Eddie Fong: I think sometimes the financing will change the creative dynamics. The reason why we make films in Hong Kong is because we like films. For both of us, Tarkovsky is our favorite director. Ozu is our favorite director. But how can you make a film like what Tarkovsky did? How do you make a film like Ozu did? There’s no market there. Because Hong Kong films are so market-driven and there’s no government funding like in the Soviet Union. We just have to stick with the market. We just try to write the script that is appealing to investors, and, at the same time, we have our own input into the film that we’d enjoy. This time, because of this Japanese money, there is no attachment, which means that they allow us to do whatever we want. But, at the same time, all we need to do is to deliver the film within the budget. So, actually this is the first time we have all the creative freedom to do something that we really want to do in our whole life.
Clara Law: It was a bit like doing student film, because what we had was a crew with the members in their first role in a certain position. For example, the cinematographer is someone who was a lighting guy before. He got his chance to be a cinematographer now. The production designer was actually Timmy Yip (Tim Yip), who probably some of you will know, who later on became the production designer for Crouching Tiger, Hidden Dragon that won the Oscar. It was his first time being a production designer. Everyone was promoted to do something they love to do, but hadn’t had a chance to do. There was a great rapport on set and everyone was trying to put in the best that they could. There was no problem with time. Everyday we could go as long as we wanted to. We only had to work within a certain numbers of days because the equipment we hired is limited to a certain period. It’s an external kind of restriction, but, in your spirit, in your heart, you can do what you want. That was the kind of energy we had when we were doing the film.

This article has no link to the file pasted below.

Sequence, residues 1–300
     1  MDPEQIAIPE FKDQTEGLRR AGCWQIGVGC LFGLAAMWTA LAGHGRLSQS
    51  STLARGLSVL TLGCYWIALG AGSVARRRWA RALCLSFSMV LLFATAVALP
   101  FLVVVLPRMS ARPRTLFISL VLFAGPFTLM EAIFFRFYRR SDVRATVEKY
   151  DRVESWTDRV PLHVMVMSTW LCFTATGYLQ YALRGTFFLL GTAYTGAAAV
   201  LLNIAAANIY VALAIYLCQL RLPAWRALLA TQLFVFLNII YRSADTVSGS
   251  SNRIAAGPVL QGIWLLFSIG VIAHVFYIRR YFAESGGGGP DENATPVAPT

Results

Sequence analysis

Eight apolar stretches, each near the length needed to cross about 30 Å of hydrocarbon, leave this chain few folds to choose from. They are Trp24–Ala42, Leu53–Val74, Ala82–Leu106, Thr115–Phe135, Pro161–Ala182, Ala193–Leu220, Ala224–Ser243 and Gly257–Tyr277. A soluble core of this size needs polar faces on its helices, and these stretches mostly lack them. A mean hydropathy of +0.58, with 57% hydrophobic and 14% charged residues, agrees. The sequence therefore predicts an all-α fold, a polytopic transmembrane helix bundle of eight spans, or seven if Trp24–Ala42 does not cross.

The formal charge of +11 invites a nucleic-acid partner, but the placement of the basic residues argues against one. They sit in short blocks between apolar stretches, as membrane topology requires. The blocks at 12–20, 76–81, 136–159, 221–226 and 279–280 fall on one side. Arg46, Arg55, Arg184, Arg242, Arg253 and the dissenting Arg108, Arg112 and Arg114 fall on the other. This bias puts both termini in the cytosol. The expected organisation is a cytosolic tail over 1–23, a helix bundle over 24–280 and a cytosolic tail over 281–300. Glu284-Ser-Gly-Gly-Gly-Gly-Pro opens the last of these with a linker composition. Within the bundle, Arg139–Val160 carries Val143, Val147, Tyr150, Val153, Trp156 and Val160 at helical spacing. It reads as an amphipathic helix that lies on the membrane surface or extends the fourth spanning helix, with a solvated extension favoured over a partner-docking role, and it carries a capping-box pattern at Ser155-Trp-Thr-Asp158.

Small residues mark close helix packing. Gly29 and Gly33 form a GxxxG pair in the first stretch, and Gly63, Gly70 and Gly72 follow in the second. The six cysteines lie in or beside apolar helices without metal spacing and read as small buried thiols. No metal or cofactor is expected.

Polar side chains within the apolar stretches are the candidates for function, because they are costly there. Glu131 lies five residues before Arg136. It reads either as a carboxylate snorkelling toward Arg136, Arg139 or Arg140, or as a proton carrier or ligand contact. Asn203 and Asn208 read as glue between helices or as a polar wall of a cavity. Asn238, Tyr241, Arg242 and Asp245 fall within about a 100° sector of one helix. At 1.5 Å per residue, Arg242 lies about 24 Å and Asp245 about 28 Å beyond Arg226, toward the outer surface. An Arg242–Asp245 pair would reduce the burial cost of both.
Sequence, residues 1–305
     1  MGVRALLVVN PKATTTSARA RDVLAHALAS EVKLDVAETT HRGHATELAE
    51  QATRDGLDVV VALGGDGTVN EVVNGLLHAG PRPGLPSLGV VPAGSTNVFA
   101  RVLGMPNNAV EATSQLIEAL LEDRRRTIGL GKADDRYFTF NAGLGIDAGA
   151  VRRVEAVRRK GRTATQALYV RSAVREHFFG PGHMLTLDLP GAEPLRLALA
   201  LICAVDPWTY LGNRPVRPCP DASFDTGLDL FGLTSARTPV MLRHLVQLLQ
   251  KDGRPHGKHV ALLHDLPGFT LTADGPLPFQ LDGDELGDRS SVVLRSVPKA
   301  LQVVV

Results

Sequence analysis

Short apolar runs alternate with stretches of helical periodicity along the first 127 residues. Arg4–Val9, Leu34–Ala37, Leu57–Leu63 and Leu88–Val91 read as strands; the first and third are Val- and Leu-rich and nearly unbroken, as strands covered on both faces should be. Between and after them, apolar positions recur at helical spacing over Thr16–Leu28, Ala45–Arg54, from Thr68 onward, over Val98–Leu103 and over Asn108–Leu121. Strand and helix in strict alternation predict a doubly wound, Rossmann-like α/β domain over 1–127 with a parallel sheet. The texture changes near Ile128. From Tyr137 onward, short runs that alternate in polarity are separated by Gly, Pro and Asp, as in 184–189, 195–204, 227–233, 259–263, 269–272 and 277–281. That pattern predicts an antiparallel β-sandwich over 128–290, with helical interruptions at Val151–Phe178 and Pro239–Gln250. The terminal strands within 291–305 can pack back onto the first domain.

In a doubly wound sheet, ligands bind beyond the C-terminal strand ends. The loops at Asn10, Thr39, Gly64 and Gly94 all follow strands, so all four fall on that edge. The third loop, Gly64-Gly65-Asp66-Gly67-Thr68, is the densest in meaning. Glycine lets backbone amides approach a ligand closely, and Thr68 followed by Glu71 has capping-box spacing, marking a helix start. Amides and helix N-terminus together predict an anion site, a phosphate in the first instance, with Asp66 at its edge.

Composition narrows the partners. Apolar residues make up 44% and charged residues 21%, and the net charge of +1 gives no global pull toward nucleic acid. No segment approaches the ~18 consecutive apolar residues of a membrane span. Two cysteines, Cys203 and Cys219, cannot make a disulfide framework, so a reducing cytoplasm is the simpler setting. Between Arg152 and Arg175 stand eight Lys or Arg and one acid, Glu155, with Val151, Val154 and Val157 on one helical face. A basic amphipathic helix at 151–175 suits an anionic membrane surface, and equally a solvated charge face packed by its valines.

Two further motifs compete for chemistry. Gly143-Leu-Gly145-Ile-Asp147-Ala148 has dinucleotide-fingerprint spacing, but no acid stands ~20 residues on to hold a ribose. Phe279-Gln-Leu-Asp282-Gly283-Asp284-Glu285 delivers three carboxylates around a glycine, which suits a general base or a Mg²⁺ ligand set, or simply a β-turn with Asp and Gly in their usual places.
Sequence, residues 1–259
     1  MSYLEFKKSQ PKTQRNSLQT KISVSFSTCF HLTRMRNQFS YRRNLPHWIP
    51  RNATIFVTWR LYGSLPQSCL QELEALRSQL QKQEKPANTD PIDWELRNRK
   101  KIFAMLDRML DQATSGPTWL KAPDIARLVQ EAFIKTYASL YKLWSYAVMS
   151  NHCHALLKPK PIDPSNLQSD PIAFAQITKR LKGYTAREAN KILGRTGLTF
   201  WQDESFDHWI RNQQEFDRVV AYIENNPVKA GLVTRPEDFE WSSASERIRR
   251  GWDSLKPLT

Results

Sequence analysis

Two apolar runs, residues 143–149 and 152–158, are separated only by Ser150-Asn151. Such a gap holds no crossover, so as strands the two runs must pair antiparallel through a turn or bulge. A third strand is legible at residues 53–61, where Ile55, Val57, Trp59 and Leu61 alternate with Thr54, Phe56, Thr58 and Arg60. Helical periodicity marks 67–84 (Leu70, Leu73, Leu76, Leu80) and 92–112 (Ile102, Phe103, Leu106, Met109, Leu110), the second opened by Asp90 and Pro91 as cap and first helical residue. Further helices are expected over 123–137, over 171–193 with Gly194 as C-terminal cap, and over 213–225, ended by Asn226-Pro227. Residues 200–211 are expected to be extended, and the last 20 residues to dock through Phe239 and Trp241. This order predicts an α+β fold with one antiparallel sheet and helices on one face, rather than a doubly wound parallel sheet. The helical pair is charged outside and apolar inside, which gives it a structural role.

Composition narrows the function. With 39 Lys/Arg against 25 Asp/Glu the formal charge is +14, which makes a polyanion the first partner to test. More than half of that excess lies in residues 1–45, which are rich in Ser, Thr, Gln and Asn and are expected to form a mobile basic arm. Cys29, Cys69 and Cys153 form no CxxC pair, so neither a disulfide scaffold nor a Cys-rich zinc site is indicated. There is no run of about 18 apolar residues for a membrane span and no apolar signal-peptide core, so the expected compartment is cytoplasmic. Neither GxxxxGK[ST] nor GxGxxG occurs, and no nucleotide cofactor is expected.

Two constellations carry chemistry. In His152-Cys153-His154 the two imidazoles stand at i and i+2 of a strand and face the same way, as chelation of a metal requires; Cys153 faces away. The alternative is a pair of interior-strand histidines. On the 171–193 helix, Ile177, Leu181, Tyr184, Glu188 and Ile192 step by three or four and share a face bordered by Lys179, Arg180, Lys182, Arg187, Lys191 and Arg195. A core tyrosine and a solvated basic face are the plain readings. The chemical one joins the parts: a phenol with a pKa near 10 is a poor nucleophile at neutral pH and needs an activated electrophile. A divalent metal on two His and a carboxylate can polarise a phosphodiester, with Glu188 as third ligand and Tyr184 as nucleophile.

Staci Ford: I’m going to ask the food question. Food is very important in a lot of your films, but in this film, particularly, there is a range of statements made about food. Besides the McDonald scene, Grandma cooking is also very important. When you were thinking about plot and character development, how does food fit in?
Clara Law: In Chinese culture, food is something very important. More importantly, it’s an expression of love. If you’d traveled for a long time and you come home, your mom would say, "I’ll cook you a great dinner." It’s that kind of thing. Food is an association with family warmth, love and comfort. I suppose you know for us, that’s what it means. Food from McDonald’s is a totally different thing. It represents a totally different thing. Grandma’s cooking, for the young girl, is just grandma’s cooking; but for the guy, whose whole life is traveling and looking for good food, this is actually real food for him. That’s the kind of juxtaposition we are trying to get from McDonald’s and grandma’s food. Food probably plays different roles in our different films. But, in this case, it was what it’s meant to be.

Choi Siu Wan, Masatoshi Nagase and Li Pui Wai in Autumn Moon